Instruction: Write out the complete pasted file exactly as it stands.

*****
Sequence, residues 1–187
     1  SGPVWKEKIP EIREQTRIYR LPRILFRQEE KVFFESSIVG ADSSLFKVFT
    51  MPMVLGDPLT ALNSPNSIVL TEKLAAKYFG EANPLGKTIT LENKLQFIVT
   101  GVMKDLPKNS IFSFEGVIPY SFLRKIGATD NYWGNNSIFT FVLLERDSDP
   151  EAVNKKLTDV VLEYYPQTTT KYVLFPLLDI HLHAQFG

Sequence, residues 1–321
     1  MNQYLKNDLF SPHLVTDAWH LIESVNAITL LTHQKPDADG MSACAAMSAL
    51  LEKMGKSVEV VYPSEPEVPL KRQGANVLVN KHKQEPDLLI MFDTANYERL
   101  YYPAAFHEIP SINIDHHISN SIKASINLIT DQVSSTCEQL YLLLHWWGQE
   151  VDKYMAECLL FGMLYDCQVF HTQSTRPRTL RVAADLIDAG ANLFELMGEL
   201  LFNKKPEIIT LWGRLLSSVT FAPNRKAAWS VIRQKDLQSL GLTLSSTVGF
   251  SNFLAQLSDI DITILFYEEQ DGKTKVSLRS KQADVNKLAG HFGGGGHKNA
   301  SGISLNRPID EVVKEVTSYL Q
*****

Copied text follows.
Sequence, residues 1–187
     1  SGPVWKEKIP EIREQTRIYR LPRILFRQEE KVFFESSIVG ADSSLFKVFT
    51  MPMVLGDPLT ALNSPNSIVL TEKLAAKYFG EANPLGKTIT LENKLQFIVT
   101  GVMKDLPKNS IFSFEGVIPY SFLRKIGATD NYWGNNSIFT FVLLERDSDP
   151  EAVNKKLTDV VLEYYPQTTT KYVLFPLLDI HLHAQFG

Sequence, residues 1–321
     1  MNQYLKNDLF SPHLVTDAWH LIESVNAITL LTHQKPDADG MSACAAMSAL
    51  LEKMGKSVEV VYPSEPEVPL KRQGANVLVN KHKQEPDLLI MFDTANYERL
   101  YYPAAFHEIP SINIDHHISN SIKASINLIT DQVSSTCEQL YLLLHWWGQE
   151  VDKYMAECLL FGMLYDCQVF HTQSTRPRTL RVAADLIDAG ANLFELMGEL
   201  LFNKKPEIIT LWGRLLSSVT FAPNRKAAWS VIRQKDLQSL GLTLSSTVGF
   251  SNFLAQLSDI DITILFYEEQ DGKTKVSLRS KQADVNKLAG HFGGGGHKNA
   301  SGISLNRPID EVVKEVTSYL Q